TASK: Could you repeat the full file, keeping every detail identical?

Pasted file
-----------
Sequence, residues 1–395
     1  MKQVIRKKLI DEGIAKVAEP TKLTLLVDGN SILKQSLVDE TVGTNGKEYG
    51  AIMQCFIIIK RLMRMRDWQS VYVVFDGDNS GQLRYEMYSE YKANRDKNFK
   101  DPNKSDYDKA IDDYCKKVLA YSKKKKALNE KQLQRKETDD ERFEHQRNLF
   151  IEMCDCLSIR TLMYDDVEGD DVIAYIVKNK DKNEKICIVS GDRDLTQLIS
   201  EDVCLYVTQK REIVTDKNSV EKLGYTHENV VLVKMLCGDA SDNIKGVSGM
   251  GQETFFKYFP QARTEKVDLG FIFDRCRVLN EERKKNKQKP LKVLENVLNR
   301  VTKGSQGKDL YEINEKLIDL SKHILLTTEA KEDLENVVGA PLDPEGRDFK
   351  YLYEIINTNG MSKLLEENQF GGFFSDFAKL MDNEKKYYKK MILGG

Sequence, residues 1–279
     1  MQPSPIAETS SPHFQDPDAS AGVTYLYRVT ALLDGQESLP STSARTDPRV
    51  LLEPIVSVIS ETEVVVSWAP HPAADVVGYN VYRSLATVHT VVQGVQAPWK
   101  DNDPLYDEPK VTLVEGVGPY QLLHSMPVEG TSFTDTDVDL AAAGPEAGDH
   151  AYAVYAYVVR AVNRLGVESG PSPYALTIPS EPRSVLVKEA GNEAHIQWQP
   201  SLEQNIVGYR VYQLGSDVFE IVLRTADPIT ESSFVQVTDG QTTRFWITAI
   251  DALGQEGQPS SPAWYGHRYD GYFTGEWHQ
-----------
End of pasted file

Sequence, residues 1–395
     1  MKQVIRKKLI DEGIAKVAEP TKLTLLVDGN SILKQSLVDE TVGTNGKEYG
    51  AIMQCFIIIK RLMRMRDWQS VYVVFDGDNS GQLRYEMYSE YKANRDKNFK
   101  DPNKSDYDKA IDDYCKKVLA YSKKKKALNE KQLQRKETDD ERFEHQRNLF
   151  IEMCDCLSIR TLMYDDVEGD DVIAYIVKNK DKNEKICIVS GDRDLTQLIS
   201  EDVCLYVTQK REIVTDKNSV EKLGYTHENV VLVKMLCGDA SDNIKGVSGM
   251  GQETFFKYFP QARTEKVDLG FIFDRCRVLN EERKKNKQKP LKVLENVLNR
   301  VTKGSQGKDL YEINEKLIDL SKHILLTTEA KEDLENVVGA PLDPEGRDFK
   351  YLYEIINTNG MSKLLEENQF GGFFSDFAKL MDNEKKYYKK MILGG

Sequence, residues 1–279
     1  MQPSPIAETS SPHFQDPDAS AGVTYLYRVT ALLDGQESLP STSARTDPRV
    51  LLEPIVSVIS ETEVVVSWAP HPAADVVGYN VYRSLATVHT VVQGVQAPWK
   101  DNDPLYDEPK VTLVEGVGPY QLLHSMPVEG TSFTDTDVDL AAAGPEAGDH
   151  AYAVYAYVVR AVNRLGVESG PSPYALTIPS EPRSVLVKEA GNEAHIQWQP
   201  SLEQNIVGYR VYQLGSDVFE IVLRTADPIT ESSFVQVTDG QTTRFWITAI
   251  DALGQEGQPS SPAWYGHRYD GYFTGEWHQ